Today, U.S. Senator Frank R. Lautenberg (D-NJ) released a statement marking October as Domestic Violence Awareness Month and calling on the House of Representatives to pass the bipartisan Violence Against Women Act (VAWA) reauthorization bill approved in the Senate earlier this year. The reauthorization would extend critical programs and update the law by including non-discrimination protection for all victims, regardless of their race, color, religion, national origin, sex, gender identity, sexual orientation, or disability.
"Domestic Violence Month is part of our effort to connect women and children with the help they need to escape violence. Individuals in violent relationships often remain hidden in the shadows, but we know that effective support programs can reach them and save lives," said Senator Lautenberg. "The Violence Against Women Act helps to ensure that communities have support services needed for victims to protect themselves and their families. It's time to put politics aside, pass the bipartisan VAWA reauthorization, and show that our nation will never turn its back on those who are abused."
Senator Lautenberg has a long history of protecting victims of domestic violence. He is the author of the "Domestic Violence Gun Ban," which prohibits individuals convicted of domestic violence misdemeanors from buying or possessing firearms. Since it was enacted in 1996, the law has succeeded in keeping guns out of the hands of abusers on approximately 200,000 occasions.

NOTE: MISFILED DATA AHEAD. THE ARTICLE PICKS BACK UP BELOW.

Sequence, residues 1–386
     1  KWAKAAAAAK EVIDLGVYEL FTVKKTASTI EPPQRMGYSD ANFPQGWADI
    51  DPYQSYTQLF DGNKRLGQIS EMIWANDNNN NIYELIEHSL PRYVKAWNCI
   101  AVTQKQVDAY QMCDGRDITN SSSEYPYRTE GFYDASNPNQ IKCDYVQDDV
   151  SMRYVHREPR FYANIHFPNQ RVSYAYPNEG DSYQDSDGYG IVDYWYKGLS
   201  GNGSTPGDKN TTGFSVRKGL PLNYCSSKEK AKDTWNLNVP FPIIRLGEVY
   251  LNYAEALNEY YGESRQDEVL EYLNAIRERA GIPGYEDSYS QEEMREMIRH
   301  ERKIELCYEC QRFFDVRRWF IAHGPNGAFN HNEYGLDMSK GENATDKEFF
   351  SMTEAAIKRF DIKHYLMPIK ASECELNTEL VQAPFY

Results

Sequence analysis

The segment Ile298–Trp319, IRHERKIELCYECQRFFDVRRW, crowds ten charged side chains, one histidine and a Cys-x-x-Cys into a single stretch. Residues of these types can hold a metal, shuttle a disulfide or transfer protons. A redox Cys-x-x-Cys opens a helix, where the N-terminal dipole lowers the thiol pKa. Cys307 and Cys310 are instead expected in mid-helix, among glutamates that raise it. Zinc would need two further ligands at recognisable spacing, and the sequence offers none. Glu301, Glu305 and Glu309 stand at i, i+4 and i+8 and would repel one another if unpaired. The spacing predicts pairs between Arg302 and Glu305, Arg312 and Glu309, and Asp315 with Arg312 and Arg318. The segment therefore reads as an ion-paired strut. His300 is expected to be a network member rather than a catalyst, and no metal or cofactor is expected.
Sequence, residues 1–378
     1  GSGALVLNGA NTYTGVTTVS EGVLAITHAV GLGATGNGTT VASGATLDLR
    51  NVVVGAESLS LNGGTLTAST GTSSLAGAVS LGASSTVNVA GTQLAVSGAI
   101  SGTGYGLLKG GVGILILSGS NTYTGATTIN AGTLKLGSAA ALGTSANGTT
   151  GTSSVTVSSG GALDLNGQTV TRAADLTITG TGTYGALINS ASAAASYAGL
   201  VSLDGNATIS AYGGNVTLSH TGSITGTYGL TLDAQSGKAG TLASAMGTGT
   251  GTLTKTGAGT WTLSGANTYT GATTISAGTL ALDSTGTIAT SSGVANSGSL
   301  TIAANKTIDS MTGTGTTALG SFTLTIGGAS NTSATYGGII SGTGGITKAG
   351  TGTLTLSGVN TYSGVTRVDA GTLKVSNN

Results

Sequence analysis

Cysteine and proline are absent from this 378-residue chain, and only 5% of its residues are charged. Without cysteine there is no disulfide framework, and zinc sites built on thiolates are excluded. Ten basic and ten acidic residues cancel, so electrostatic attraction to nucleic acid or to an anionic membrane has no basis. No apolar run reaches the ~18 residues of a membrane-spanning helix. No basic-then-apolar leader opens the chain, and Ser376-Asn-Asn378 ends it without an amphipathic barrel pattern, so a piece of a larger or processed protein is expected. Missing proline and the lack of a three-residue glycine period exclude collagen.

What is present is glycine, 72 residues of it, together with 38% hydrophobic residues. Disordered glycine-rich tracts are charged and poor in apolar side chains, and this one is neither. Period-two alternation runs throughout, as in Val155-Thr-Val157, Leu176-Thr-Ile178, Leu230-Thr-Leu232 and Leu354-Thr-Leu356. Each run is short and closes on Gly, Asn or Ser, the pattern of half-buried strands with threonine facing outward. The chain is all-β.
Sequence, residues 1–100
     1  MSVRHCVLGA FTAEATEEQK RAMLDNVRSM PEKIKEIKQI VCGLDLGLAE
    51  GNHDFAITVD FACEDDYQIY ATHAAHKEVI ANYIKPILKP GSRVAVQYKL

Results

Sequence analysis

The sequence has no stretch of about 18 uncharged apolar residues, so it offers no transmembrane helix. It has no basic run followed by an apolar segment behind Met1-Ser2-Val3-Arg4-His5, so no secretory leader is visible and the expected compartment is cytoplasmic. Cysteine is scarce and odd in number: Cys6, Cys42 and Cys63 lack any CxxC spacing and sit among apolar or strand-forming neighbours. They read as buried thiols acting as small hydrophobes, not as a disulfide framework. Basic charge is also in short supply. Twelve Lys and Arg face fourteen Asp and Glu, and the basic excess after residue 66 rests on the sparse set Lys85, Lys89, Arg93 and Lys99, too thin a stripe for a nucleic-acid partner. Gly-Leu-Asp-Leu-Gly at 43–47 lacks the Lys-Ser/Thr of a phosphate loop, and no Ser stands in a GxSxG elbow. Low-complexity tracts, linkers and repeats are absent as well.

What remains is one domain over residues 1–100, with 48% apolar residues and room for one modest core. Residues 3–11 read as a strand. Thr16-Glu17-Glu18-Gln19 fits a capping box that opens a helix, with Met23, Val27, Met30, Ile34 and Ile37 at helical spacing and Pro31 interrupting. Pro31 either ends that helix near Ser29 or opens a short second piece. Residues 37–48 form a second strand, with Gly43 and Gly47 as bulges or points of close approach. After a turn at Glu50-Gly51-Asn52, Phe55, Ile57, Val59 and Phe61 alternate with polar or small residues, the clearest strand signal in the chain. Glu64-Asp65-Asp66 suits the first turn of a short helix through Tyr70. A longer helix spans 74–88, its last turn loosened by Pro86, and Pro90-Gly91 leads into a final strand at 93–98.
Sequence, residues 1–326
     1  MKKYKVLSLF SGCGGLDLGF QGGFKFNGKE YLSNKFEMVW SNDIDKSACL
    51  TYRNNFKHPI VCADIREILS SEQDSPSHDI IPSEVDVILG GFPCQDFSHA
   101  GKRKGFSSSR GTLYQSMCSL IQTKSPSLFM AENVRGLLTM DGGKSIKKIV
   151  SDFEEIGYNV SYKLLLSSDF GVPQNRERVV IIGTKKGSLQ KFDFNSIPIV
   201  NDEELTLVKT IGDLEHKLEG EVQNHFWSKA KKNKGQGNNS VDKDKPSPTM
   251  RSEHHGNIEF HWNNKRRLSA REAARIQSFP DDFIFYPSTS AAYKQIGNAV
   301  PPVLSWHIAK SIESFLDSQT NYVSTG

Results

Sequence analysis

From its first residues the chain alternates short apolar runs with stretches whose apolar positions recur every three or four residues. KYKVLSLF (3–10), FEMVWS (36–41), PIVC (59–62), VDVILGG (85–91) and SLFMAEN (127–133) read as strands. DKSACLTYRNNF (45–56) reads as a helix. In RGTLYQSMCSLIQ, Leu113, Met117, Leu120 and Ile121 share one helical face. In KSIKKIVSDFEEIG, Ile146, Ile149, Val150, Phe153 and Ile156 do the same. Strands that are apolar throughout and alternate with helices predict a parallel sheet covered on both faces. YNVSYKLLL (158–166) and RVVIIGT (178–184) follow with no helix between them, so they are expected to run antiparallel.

The Violence Against Women Act was originally enacted in 1994 and has been reauthorized twice--in 2000 and 2005--with unanimous Senate approval. The most recent extension expired in 2011. The Senate passed a reauthorization bill in April 2012, but the House has refused to consider the bipartisan Senate bill. The law provides federal funding for programs and initiatives designed to help victims, and reauthorization is needed to ensure that local communities and law enforcement agencies get the full resources they need to fight domestic violence.
In New Jersey, more than 74,000 domestic violence offenses were reported by the police in 2010. Since 2006, nearly $30 million in federal funding has been provided to more than 40 domestic violence programs in New Jersey through VAWA.